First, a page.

On 27.05.2007 07:04, Morton Goldberg wrote:
> On May 26, 2007, at 11:13 PM, Erwin Abbott wrote:
> 
>> I have a "BlankState" type of class and it's method_missing forwards
>> everything to an instance variable.  This way I can treat the object
>> specially in my own code and all other code doesn't need to know the
>> difference.  For a contrived example:
>>
>> class Proxy
>>  # remove methods inherited by Object, etc
>>  instance_methods.each do |m|
>>    undef_method m unless m =~ /^__/
>>  end
>>
>>  def initialize name, value
>>    @name, @value = name, value
>>  end
>>
>>  def to_myformat
>>    "#{@name}: #{@value}"
>>  end
>>
>>  def method_missing name, *args, &block
>>    @value.send name, *args, &block
>>  end
>> end
>>
>> object = "regular string"
>> x = Proxy.new("UID", object)

Erwin, are you aware of delegate?

>> x.class # => Array
>> x.size  # => 5
>> x.to_myformat # => UID: regular string
> 
> What I see when I evaluate your code is:
> 
>    x.class # => String
>    x.size  # => 14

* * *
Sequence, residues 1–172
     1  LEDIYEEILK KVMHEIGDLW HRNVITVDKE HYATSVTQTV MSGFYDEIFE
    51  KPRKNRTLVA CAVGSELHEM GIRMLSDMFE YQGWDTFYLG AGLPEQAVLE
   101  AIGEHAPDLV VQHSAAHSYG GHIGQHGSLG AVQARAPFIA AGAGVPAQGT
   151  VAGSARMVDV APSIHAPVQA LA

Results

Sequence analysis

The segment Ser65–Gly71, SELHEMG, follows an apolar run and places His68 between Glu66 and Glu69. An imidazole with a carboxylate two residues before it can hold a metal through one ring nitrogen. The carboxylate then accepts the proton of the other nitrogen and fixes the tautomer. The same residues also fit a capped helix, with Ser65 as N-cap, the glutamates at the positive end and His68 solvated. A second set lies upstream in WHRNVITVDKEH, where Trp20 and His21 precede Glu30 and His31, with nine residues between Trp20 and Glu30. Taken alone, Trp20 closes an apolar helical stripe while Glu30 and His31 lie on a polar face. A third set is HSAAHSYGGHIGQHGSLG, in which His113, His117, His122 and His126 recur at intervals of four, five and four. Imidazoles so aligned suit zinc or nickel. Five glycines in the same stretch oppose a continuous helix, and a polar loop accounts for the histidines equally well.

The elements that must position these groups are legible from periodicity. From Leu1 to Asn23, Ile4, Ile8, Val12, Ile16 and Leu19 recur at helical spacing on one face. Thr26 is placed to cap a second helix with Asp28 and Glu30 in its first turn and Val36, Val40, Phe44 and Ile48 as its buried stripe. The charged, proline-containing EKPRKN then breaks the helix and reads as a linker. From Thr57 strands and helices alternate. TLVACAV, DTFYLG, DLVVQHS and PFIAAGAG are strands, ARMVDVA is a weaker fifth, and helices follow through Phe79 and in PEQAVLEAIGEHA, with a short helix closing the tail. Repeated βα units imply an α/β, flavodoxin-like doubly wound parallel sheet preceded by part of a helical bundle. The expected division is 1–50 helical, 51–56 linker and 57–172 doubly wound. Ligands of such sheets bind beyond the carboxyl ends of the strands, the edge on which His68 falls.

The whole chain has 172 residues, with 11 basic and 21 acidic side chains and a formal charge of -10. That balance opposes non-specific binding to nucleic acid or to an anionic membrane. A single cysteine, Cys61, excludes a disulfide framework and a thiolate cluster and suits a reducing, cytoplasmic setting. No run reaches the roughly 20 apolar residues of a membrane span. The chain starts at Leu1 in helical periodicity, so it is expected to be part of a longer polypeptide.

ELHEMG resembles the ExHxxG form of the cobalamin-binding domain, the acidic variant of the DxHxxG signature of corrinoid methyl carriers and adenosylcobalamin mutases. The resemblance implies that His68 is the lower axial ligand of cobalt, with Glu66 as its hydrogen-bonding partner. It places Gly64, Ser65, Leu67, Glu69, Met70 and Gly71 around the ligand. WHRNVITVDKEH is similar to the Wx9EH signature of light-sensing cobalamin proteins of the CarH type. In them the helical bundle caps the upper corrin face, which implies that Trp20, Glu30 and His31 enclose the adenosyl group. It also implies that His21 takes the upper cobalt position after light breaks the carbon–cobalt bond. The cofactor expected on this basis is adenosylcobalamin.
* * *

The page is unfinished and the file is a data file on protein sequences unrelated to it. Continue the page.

> 
>> While that's a pretty boring example, the idea might come in handy for
>> something like a graph node, or linked list node (etc). Anyway, the
>> problem I have is the way this works:
>>
>> case x
>> when Array puts "Array"
>> when Proxy puts "Proxy"
>> end
> 
> If you really have to do this kind of thing, a work-around you might try 
> is:
> 
>    result = case x.class.new
>             when Array then "Array"
>             when String then "String"
>             when Proxy then "Proxy"
>             end
>    result # => "String"
> 
> That's kind of ugly, but then I think using case statements to 
> distinguish the class of an object is kind of ugly under any circumstances.

It's not only ugly it probably also does not make much sense because the 
OP wants to test "x" and not "x.class.new".

A better solution would be to use the second form of "case" to have more 
control over the test

case
   when Array == x.class
   when String == x.class
end

An alternative way is to build custom testers:

ARRAY = lambda {|x| Array === x.class}
def ARRAY.===(o) self[o] end

case x
   when ARRAY
...
end

Viewing this more abstract: maybe case isn't even the right thing to do. 
  We would have to know more about what the OP is trying to accomplish.

On an even more general level there is a certain contradiction between 
having something behave exactly like an Array - but also different... :-)

Kind regards

	robert